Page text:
Many people who wind up having training creation as part of their job roles have never had a full opportunity to learn about the basics of instructional design, how people learn, and how to develop training.
One of the things people in this situation sometimes don’t know if that there are processes, models, or methods that already exist that make the process of creating training more orderly, more effective, and more systematic.
One of those, and in fact the most commonly known one, is ADDIE. ADDIE is an acronym that stands for each of the steps of the model–analyze, design, develop, implement, and evaluation (or you might see it listed out as analysis, design, development, implementation, and evaluation). ADDIE’s not the only model for the creation of training–there are others. And ADDIE’s not without its imperfections and it’s critics.
But if you’re new to training, it’s definitely worth your time becoming aware of ADDIE. Even if it’s only your introduction to the idea that there are systematic, formulaic methods or models you can use to develop training. And even if you ultimately wind up using a different method.
But there’s also a chance that you’ll find ADDIE very helpful, that you’ll use it a lot in your job as a trainer or training developer, or that you’ll develop and use your own, somewhat-custom version of ADDIE over time.
So let’s cut the introduction at this point and explain the ADDIE instructional design and/or training development model for you below in some more detail.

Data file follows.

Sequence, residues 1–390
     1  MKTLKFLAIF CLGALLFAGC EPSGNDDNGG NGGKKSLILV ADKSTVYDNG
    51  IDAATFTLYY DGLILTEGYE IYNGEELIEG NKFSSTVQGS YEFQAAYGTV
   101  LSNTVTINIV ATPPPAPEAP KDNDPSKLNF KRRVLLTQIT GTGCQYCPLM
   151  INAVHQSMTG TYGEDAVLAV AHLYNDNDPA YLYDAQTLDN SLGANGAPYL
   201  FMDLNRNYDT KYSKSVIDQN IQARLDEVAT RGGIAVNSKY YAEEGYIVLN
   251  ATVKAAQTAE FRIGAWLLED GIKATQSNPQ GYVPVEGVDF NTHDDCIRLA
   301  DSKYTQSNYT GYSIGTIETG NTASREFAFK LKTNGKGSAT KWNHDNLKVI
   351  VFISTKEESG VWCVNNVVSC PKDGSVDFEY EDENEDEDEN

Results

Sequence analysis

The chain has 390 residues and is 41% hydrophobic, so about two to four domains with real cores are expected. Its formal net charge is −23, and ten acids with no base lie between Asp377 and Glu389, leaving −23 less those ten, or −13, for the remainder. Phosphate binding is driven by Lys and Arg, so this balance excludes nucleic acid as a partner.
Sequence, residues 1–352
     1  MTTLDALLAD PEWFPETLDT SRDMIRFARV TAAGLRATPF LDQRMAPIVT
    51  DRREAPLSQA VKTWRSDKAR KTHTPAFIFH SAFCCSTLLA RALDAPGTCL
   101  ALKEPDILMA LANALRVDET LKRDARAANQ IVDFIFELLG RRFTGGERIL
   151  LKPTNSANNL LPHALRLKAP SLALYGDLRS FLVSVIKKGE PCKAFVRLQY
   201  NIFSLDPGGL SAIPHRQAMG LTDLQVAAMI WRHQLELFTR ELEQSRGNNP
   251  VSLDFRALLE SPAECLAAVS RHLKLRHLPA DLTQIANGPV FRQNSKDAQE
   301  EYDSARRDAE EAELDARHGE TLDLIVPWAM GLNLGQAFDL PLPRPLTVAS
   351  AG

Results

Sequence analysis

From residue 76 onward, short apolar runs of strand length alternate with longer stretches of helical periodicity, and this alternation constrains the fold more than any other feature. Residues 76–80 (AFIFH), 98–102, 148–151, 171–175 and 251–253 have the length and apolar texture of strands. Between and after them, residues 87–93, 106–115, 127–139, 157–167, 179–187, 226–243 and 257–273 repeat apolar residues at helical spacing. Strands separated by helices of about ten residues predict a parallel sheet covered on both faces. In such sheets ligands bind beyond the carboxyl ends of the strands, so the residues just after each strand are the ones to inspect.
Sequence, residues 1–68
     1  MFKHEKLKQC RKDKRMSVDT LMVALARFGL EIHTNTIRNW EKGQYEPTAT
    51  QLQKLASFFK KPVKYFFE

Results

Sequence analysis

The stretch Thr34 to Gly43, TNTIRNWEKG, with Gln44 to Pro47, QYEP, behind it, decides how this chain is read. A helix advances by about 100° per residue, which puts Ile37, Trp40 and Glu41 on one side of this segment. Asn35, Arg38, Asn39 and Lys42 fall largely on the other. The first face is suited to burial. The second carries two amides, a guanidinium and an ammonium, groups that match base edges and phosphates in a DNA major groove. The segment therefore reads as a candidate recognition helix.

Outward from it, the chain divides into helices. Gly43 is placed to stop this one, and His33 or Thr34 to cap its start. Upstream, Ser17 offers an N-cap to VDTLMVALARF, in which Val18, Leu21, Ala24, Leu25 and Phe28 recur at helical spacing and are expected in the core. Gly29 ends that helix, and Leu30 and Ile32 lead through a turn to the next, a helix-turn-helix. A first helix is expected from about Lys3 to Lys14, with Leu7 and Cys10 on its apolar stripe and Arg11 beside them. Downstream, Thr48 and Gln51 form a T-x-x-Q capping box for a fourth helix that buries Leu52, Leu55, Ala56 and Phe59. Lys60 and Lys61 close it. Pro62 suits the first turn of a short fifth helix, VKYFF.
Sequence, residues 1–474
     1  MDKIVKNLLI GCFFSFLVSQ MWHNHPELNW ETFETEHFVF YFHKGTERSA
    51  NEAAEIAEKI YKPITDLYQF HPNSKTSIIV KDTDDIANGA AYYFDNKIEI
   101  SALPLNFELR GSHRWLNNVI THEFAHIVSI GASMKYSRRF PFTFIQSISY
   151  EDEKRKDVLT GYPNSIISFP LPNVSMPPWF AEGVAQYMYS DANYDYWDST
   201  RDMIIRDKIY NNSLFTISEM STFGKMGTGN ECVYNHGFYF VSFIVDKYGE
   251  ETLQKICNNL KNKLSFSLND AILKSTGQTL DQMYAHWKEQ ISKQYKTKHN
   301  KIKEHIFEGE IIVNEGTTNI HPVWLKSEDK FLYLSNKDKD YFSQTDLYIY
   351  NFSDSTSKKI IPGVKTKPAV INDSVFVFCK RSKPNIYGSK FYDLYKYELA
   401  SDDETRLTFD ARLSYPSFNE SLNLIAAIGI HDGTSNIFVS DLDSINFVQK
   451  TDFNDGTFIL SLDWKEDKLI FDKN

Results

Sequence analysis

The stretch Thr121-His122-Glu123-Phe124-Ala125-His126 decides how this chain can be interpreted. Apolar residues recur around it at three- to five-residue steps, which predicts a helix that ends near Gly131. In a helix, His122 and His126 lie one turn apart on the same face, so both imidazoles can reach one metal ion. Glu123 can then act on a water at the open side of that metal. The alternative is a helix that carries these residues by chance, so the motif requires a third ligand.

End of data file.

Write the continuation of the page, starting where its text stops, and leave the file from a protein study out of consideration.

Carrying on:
What Is ADDIE and What Does It Stand For?
As we explained up top, ADDIE is a commonly used method for working through issues related to whether or not training is needed for workplace performance issue; what the needs, requirements, and goals are for the organization as a whole and for the learners/employees; how to design and develop the training; implementing the training; and then evaluating the training to see if it was effective and/or if it could be improved through revisions in a virtuous cycle of continuous improvement.
ADDIE is a five-step process, although each of the steps can be divided into smaller steps or tasks. The five steps of ADDIE are:
Let’s take a little closer look at each of those five steps below.
Analysis or Analyze
The analysis phase of ADDIE is sometimes also called the training needs analysis and/or the training needs assessment. I find that confusing and I just think of it as analysis.